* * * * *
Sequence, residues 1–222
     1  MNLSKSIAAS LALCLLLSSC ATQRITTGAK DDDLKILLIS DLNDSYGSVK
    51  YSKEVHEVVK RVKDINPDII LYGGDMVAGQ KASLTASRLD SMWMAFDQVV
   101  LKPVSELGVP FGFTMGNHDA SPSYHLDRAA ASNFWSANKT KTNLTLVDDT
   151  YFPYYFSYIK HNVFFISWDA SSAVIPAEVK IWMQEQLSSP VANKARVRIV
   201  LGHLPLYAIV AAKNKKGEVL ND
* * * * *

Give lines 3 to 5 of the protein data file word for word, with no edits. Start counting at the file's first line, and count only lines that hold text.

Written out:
    51  YSKEVHEVVK RVKDINPDII LYGGDMVAGQ KASLTASRLD SMWMAFDQVV
   101  LKPVSELGVP FGFTMGNHDA SPSYHLDRAA ASNFWSANKT KTNLTLVDDT
   151  YFPYYFSYIK HNVFFISWDA SSAVIPAEVK IWMQEQLSSP VANKARVRIV